Another essential commodity in the Karen kitchen is coarse salt, since they don't use nam pla. No meal is complete without a chilli sauce or nam phrik. The Karen nam phrik is easy to make. Garlic is pounded with dried chillies and salt. When it reaches a fine consistency, thua nao is added, then a little water, and it is ready. A favorite soup-like dish called tom phak ruam is also easy to prepare. First dried chilies, garlic and thua nao are pounded together to make a basic curry paste. Water is boiled and the paste is added. If chicken is available, then that too is added, along with salt for taste. Finally, all kinds of vegetables are added.



The Karen house makes maximum use of kitchen space. In the past, a single room would make do for sleeping and eating, but now houses are divided into two rooms. Some even use two separate structures, one for living and sleeping and the other for cooking. The stove is set in the centre of the kitchen. It takes the form of a square tray with sand at the bottom, although this sand usually can't be seen because it is covered with ashes. Three stones, called the sao, or pillars, are set in it to support pots for boiling or frying. Only wood is used as fuel. Two or three bamboo grates are suspended from the roof and hang over the stove at some distance from each other. They contain shallots, garlic, thua nao and dried fish. These grate-like trays are covered with a thick layer of black soot, a substance that has an important use in the household.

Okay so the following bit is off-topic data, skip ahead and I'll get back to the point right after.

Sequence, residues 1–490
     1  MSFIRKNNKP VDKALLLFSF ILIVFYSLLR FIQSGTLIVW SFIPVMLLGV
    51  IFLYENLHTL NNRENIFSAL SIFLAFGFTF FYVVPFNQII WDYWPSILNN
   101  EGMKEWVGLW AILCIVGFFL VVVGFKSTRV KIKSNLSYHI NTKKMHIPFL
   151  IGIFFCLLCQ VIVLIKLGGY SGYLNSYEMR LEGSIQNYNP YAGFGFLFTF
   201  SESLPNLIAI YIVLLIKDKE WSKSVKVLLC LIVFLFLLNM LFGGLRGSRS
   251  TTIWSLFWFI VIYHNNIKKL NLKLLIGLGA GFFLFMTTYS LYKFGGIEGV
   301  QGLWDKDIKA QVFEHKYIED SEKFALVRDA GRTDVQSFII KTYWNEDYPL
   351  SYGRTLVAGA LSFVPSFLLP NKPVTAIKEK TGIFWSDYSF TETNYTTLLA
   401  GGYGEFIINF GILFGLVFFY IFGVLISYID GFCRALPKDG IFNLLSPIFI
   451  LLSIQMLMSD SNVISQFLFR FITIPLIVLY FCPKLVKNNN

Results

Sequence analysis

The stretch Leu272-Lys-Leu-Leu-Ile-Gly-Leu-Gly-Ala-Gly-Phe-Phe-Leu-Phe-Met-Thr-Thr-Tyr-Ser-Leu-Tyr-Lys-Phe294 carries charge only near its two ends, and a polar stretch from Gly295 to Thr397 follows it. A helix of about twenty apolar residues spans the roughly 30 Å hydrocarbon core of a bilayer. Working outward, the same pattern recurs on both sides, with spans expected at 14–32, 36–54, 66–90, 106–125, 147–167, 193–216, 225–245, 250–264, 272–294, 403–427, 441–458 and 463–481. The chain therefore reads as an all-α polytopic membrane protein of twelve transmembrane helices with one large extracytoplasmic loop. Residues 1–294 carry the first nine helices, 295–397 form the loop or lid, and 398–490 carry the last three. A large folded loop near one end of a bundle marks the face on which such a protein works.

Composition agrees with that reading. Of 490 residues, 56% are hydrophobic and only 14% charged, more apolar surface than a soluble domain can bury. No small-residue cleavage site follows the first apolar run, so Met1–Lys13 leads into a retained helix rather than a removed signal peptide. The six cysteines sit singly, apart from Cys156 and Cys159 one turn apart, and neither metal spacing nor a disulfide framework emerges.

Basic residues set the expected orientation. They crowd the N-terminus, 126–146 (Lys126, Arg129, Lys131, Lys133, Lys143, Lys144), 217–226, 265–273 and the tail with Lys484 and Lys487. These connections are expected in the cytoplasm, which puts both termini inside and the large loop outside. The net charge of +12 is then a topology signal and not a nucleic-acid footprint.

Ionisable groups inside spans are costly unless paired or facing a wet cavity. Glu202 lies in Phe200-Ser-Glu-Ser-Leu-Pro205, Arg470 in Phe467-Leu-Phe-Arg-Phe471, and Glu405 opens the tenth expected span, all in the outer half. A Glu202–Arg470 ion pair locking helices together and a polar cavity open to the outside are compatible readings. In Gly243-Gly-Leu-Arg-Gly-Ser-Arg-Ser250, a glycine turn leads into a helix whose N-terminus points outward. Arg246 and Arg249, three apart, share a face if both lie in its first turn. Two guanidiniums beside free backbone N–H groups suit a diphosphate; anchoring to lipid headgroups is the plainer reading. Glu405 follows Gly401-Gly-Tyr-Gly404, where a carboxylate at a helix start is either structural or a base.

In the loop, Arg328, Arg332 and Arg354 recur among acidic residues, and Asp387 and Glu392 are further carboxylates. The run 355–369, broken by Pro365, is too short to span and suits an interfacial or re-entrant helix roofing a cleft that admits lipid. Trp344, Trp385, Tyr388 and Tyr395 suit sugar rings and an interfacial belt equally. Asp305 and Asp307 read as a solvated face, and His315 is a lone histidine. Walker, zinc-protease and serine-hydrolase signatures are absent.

When a member of the family feels unwell, a piece of burning firewood is put into a dipper of water and salt and soot scraped from the bamboo grates are added. The Karen believe that the soot has medicinal properties since it comes from the smoke made by burning the edible plants, which are often used as traditional medicines. Another nam phrik made by the Karens is nam phrik nam poo. Field crabs are pounded to extract juice, which is then simmered to make nam poo, or crab sauce. In preparing the nam phrik, dried chilies are pounded with garlic and salt, and the nam poo is mixed in. Finally some yellow eggplant, cut into pieces, is added. Tom khao buea is very similar to tom phak ruam. To make it, rice is boiled until the grains start to swell, water, chicken, chilies, salt, galangal, lemon grass and turmeric are added, and the mixture is allowed to cook for a while.   These are a few of the traditions and culinary techniques of the Karen, who love and respect the forest. Their knowledge becomes more relevant to daily life as people everywhere are becoming more aware of the value of our shrinking woodlands.